In a specific embodiment, protrusions, and/or indentations, having a height and/or depth, to diameter ratio of between about 0 to about 10 can be utilized. In further specific embodiments, a height, and/or depth, to diameter ratio of between about 1 and about 5 can be utilized. In another embodiment, protrusions, and/or indentations, having a height to spacing between adjacent protrusions, and/or indentations, ratio of between about 2 and 4 can be utilized. In a further embodiment, a height, and/or depth, to diameter ratio of about 3 can be utilized. In a specific embodiment, the number of protrusions, and/or indentations, density/spray cooling area is between about 1 and about 100 per square centimeter. In a further specific embodiment, the number of protrusions, and/or indentations, density/spray cooling area is between about 10 and about 20 per square centimeter. In a specific embodiment, the subject surface enhancements can increase the surface area, as compared to a smooth surface, by about 1 to about 5 times. In a further specific embodiment, the subject surface enhancements can increase the surface area by about 1.1 to about 2. In a specific embodiment, the center to center spacing of the subject protrusions, and/or indentations is between about (0.1) d and about 10d, where d is the diameter (or mean diameter) of the protrusions, and/or indentations. In a further specific embodiment, the center to center spacing is about d. In a specific embodiment, the roughness of the subject enhanced surface can have a RMS of between about optically smooth and about 100 micrometers.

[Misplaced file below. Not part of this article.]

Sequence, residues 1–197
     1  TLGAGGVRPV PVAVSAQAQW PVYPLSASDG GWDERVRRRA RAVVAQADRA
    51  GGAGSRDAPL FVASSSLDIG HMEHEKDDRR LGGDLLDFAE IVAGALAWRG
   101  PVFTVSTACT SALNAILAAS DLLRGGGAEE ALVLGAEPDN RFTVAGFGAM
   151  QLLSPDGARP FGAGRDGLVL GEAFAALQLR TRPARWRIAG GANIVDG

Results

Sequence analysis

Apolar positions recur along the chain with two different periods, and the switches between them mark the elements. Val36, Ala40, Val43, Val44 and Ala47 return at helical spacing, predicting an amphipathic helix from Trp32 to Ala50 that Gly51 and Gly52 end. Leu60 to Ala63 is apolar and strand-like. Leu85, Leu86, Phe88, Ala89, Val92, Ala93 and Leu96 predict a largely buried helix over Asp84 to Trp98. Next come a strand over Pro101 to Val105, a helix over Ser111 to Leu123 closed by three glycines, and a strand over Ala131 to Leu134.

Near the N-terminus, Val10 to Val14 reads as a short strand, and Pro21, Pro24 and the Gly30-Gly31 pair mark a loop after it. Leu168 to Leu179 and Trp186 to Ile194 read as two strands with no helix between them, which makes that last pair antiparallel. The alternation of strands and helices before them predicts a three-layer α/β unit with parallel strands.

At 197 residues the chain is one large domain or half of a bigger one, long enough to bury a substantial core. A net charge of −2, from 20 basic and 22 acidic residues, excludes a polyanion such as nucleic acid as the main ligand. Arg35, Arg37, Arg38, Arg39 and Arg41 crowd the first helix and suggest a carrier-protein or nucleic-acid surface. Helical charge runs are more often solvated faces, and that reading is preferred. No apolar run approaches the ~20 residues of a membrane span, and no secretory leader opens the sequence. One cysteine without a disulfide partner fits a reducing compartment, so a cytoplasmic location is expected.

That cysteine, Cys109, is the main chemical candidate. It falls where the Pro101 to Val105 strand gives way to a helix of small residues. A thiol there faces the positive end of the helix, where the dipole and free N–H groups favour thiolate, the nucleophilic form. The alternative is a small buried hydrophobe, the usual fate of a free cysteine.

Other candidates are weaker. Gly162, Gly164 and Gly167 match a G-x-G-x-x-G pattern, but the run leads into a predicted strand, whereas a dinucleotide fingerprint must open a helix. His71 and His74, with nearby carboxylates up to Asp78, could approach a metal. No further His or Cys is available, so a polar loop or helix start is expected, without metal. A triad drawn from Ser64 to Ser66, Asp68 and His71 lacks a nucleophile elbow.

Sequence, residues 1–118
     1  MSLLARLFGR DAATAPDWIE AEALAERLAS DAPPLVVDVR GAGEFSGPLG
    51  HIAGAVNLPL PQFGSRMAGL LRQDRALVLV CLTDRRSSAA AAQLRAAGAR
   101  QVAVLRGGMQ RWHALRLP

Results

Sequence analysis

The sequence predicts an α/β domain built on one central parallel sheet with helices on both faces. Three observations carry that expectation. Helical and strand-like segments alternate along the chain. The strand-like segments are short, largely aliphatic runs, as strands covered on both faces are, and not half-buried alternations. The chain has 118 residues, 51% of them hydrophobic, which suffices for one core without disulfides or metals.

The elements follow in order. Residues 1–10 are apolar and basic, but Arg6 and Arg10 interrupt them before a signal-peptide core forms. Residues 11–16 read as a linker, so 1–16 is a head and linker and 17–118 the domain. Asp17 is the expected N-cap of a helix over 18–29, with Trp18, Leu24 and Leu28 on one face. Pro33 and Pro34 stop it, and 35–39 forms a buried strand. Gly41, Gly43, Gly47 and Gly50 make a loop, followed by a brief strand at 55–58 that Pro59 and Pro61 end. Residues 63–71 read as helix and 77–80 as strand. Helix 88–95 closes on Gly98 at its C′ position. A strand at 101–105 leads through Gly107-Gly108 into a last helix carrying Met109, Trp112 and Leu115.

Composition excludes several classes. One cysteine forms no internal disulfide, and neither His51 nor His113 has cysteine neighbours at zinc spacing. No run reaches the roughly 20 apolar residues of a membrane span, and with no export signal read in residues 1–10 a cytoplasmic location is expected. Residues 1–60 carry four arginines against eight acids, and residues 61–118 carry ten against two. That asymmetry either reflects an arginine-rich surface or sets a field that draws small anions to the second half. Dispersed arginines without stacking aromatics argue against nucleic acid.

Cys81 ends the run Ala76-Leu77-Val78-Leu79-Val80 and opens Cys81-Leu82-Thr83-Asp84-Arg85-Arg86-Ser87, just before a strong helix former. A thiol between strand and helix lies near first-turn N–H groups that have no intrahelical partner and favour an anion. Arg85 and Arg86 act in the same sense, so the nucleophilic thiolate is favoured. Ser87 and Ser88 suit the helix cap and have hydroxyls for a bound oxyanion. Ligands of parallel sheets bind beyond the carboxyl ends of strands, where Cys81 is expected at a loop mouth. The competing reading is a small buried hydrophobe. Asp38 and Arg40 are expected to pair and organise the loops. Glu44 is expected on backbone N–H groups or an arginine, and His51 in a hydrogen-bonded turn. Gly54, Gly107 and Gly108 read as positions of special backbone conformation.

The vapor coolant can then flow to a condenser, such as coil 342. The vapor condenses on the condenser coil 342 and forms liquid. The liquid then flows into reservoir 345. A heat extractors 341, removes the heat from the condenser 342 via thermal connection 340. The heat extraction can be a refrigeration cycle or an ambient heat exchanger.
A series of control devices including thermocouples, flow meters and level indicators are used to control the process in order to maintain the desired operating conditions.
Sample and embodiments described herein are for illustrative purposes only and various modifications or changes in light thereof will be suggested to persons skilled in the art and are to be included within the spirit and purview of this application and the scope of the appended claims.
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|U.S. Classification||165/80.4, 239/398, 165/104.33|
|International Classification||A61P17/02, F25B39/02, F25B19/02, C12Q1/68, C12N5/10, F28F7/00, C07K14/52, A61K38/00, F25B1/00, G01N33/574, C07K16/18, B05B7/04, F28F13/02, C12P21/08, H01L23/473, B05B7/00, C07K16/24, C07K14/78, C12N15/12, C12N15/09|
|Cooperative Classification||B05B7/0475, F25B39/02, F25B1/00, H01L23/4735, F25B2339/021, F25B2341/0014, F28F13/02, F25B19/02, B05B7/0012, H01L2924/0002|
|European Classification||H01L23/473J, F28F13/02, B05B7/04C3D|
|May 8, 2012||CC||Certificate of correction|
|Jul 8, 2015||FPAY||Fee payment|
Year of fee payment: 4